When you’re growing organic cilantro for its leaves, it’s called cilantro. It is also grown for its dried seeds; the seeds are called coriander. Growing cilantro as an herb dates back to 3000 B.C.; cilantro shows up in Sanskrit writings in 1500 B.C.
Coriander seeds were discovered in several tombs of Egyptian Pharaohs as well as in Grecian ruins dating back to the Bronze Age. Growing cilantro in America started around 1670 and was one of the first herbs/spices grown by the early colonists.
When to Plant
In Northern climates, you can plant cilantro a few weeks before the last frost. If you plant cilantro every couple of weeks you can harvest it throughout the summer. In Southern climates, you can plant in the fall for spring harvest.
It takes about 30 to 40 days from planting to harvesting cilantro for its leaves; you can harvest a 2nd picking in 10 to 14 days after that. For coriander seeds, it’s about 40 to 50 days until harvest.
Where to Plant
Cilantro/Coriander requires a minimum of 6 hours of direct sunlight – preferably 8 or more – for optimum growth. Cilantro/Coriander develop better flavor with more sunlight. Strong light creates more fragrant oils in the foliage and stems.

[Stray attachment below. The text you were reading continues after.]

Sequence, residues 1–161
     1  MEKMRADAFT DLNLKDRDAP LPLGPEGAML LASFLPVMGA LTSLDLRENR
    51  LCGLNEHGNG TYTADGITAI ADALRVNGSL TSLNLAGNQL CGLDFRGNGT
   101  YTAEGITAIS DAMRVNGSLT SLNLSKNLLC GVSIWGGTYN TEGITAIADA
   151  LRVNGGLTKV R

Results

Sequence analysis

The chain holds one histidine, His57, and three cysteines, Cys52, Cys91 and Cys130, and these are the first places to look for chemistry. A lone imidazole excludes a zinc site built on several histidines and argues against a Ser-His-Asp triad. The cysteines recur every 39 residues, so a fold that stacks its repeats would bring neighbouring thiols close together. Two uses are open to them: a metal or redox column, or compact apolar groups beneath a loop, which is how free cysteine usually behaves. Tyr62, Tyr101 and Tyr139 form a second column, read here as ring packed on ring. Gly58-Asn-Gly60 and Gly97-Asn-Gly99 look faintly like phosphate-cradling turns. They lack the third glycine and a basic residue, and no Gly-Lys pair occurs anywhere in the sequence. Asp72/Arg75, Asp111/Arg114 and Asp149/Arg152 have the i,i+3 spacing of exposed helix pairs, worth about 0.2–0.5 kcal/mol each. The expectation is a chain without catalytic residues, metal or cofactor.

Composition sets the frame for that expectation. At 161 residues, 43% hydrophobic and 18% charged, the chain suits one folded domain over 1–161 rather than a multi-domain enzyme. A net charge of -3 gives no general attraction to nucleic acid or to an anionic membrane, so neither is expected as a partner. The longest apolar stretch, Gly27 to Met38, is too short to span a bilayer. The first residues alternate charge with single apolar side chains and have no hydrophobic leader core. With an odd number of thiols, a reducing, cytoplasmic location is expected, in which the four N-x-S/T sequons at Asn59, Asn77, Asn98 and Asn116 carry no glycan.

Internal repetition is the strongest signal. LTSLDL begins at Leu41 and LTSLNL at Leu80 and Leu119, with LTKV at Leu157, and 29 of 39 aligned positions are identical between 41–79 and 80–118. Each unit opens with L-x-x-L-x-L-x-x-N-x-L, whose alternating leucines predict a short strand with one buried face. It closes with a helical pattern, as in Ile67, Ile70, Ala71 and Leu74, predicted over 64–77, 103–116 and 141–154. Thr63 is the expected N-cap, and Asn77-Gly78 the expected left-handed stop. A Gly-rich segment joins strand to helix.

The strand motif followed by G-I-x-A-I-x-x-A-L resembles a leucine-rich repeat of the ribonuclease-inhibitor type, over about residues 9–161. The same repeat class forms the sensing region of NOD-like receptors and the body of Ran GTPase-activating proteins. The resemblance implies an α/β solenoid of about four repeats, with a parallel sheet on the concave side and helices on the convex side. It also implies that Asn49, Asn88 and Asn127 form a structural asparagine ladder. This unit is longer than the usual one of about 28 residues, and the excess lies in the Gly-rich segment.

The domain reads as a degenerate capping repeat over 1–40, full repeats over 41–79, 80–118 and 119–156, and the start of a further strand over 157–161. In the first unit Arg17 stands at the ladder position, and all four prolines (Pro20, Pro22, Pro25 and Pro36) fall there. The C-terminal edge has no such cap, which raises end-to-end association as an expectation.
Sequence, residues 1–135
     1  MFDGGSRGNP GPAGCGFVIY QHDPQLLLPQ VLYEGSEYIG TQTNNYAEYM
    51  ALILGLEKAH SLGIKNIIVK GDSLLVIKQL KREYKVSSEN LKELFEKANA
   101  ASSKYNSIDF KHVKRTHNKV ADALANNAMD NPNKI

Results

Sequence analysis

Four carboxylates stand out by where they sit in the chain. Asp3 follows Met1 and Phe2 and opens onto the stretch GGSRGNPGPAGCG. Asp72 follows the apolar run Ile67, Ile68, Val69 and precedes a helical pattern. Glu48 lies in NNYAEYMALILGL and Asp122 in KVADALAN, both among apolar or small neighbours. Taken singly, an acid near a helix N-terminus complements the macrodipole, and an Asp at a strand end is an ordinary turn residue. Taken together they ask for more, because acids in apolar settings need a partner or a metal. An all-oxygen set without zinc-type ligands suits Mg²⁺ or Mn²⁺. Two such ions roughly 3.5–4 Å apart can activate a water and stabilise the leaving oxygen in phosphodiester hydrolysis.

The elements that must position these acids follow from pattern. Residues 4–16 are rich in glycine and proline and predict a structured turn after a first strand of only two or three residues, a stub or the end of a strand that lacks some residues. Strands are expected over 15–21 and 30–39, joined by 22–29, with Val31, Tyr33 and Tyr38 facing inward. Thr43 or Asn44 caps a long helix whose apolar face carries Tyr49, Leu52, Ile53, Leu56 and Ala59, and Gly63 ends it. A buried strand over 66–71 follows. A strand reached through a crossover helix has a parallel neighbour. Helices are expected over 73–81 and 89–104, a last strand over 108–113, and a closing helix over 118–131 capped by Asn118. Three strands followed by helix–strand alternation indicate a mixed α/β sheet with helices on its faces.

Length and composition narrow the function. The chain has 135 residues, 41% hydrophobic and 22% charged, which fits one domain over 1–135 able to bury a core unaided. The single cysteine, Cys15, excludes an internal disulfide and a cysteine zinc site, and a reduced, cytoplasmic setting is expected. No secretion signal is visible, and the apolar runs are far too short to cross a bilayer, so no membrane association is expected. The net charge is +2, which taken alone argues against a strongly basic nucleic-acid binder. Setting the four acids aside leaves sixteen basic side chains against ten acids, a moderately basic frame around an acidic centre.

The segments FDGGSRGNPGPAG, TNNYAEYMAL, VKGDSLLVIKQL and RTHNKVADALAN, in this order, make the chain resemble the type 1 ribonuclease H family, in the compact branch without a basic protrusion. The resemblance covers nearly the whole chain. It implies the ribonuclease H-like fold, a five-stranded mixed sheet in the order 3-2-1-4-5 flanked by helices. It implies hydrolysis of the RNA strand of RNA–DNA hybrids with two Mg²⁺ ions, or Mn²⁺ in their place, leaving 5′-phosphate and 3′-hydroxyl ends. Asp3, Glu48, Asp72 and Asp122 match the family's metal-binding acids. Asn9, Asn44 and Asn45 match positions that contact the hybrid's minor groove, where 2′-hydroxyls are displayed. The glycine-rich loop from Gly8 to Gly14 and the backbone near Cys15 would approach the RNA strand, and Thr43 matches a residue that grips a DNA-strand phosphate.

When it gets hot in the summer, cilantro will often “bolt.” Bolting means it goes to seed. You can plant “slow bolting” varieties in the shade of taller plants in hot climates to keep it from bolting, unless you are growing it specifically for coriander.
When you choose where to plant cilantro/coriander, focus on soil that drains well. If you dig a 12″ x 12″ x 12″ hole, fill it with water, and allow it to drain, it should drain within 3 hours or you should add organic matter and possibly sand to your soil to aid the drainage.
Like other herbs, such as sage, it is thought to be beneficial not to add too many nutrients to your soil or it could adversely affect the flavor
Preparing the Soil
Cilantro/Coriander grows well in a pH level range of 6.0 to 8.0, although it performs best in the middle of this range. For best results with organic cilantro, rototill or spade in 2 or 3 inches of composted organic matter or manure into the top 6 inches of your garden soil.
Choosing the Best Seed Varieties for your Area
When growing cilantro for the leaves, you’ll want to grow slow bolting varieties. Consult with a reputable seed supplier when choosing your variety. Slow bolting varieties are also better in hotter climates as they won’t go to seed as quickly.
If you’re harvesting the coriander seeds, most varieties work fine as all will go to seed at some point. As always, consult your local county extension to find out if there are any diseases that are common to cilantro/coriander in your area and get advice on resistant varieties if applicable.